On April 3, 1973, Martin Cooper made the first phone call through a mobile, announcing the world a fact that would revolutionize the communication age.
The creation of this new machinery had as main purpose the communication with a person, and not with a place. Cooper, who worked for Motorola, made the call with the company’s DynaTAC, called ‘brick’, which weigh a kilo and a half and with a battery that lasted 20 minutes. The first person he called was Joel Engel, who worked at Bell Labs, AT&T, Motorola’s rival.
The mobile phone (or cell phone), which turns 40 today, was inspired by the Star Trek Tricorder. It had a special antenna on the roof of the building to take the call and connect it with the landline. Japan was the first country in the world to have this cell phone commercial service (1979), then the Scandinavian nations (1981) and two years after the United States.
Cell phones came to Ecuador in 1993, with the help of the company Porta, now called Claro. Then, former President Sixto Duran Ballen, made the first official call from the Cerro del Carmen (Guayaquil). In 1994, the country had 13,620 users. Currently only Claro has 11.5 million customers.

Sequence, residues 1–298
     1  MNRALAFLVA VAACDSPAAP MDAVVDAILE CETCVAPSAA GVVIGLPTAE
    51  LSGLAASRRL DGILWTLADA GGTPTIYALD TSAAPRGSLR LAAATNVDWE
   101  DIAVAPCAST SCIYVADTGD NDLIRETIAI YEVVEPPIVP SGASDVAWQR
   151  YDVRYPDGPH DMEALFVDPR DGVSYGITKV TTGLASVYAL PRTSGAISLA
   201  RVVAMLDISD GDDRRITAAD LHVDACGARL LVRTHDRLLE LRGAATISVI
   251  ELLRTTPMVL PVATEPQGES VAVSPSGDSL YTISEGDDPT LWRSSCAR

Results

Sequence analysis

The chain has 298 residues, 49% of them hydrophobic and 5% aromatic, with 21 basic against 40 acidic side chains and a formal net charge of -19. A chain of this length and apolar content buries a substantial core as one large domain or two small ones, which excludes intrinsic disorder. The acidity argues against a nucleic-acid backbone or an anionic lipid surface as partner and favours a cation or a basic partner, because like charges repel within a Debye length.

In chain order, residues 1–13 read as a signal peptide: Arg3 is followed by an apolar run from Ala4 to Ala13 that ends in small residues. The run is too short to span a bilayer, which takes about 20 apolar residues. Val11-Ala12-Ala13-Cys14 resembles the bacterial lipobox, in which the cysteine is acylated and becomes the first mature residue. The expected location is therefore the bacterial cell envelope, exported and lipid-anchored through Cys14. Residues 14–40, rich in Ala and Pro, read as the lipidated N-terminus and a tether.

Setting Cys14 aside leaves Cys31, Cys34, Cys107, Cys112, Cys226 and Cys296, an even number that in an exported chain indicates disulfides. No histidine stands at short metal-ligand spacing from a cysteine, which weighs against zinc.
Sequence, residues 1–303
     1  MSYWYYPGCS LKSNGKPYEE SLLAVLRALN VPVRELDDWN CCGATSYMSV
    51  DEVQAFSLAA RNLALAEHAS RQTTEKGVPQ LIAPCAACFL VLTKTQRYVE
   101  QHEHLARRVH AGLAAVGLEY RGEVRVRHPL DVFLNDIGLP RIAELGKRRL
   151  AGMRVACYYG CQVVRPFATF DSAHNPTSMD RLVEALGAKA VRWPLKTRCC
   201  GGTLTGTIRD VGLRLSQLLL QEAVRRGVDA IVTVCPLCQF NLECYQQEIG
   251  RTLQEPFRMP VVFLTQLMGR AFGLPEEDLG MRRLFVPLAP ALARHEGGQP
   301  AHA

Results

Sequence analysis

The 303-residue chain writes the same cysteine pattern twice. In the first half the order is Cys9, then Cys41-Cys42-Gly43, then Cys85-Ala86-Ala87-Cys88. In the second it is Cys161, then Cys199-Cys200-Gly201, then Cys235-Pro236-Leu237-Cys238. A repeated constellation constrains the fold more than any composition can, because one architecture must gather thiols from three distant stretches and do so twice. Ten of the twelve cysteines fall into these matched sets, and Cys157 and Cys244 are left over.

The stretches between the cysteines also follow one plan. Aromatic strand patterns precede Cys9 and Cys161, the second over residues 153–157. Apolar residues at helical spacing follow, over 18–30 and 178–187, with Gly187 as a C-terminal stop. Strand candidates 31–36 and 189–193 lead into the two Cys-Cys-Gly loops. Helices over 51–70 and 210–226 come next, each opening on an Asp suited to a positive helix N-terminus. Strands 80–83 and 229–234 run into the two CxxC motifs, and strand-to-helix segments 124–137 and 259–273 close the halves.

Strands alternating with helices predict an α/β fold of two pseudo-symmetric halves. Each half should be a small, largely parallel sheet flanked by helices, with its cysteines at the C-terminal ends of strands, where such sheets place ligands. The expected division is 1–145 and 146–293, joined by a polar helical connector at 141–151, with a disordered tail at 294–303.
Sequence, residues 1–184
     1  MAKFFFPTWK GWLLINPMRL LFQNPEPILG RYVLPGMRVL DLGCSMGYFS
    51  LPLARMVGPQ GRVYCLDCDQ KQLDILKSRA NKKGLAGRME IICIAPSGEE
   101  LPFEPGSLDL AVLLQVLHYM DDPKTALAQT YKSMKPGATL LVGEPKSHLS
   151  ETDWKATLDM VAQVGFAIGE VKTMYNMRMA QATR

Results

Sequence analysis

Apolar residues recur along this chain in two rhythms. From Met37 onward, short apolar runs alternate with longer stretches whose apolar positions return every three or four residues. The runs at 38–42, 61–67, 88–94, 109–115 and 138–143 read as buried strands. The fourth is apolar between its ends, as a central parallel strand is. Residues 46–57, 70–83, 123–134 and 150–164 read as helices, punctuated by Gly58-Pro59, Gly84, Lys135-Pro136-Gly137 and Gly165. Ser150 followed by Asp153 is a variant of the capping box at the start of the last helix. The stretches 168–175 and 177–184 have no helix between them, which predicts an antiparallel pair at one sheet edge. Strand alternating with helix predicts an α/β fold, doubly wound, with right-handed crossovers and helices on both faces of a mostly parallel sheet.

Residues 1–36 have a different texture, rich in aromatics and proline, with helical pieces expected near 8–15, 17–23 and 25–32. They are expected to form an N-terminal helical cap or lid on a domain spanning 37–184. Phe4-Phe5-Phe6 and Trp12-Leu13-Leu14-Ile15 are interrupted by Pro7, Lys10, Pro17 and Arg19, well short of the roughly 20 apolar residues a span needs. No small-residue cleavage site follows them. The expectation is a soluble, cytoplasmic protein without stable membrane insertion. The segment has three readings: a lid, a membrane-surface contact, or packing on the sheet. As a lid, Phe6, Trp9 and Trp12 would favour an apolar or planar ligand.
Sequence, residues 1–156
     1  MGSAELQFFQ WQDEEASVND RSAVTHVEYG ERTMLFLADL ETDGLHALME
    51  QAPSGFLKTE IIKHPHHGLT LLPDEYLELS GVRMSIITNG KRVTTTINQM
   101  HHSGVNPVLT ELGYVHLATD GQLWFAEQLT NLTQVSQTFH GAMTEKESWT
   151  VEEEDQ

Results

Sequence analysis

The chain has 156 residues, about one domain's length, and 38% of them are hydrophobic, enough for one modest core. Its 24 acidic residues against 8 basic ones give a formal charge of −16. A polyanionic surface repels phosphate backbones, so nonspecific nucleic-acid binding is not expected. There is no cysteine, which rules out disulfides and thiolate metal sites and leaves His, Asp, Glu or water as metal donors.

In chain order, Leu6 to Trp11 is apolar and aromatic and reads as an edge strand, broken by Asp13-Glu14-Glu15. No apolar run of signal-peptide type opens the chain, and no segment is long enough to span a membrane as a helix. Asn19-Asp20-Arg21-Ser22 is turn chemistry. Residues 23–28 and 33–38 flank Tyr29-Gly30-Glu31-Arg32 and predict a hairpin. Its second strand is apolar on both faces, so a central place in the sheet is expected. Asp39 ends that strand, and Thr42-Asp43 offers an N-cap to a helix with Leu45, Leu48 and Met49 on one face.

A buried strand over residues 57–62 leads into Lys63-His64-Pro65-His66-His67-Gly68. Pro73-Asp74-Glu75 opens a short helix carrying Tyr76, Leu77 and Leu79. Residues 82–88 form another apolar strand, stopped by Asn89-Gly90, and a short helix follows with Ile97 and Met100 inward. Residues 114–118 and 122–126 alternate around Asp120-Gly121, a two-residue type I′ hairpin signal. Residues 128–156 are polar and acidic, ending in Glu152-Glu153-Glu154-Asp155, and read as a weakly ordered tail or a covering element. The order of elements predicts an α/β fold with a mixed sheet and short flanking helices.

With the passage of time and the evolution of the cell phone, it became an inevitable accessory in society. In 1999, Mattel launched its first Barbie with a cell phone. The “brick” cell is now considered prehistoric because today these devices are characterized for being small, thin and light in addition to its storage capacity and intelligence.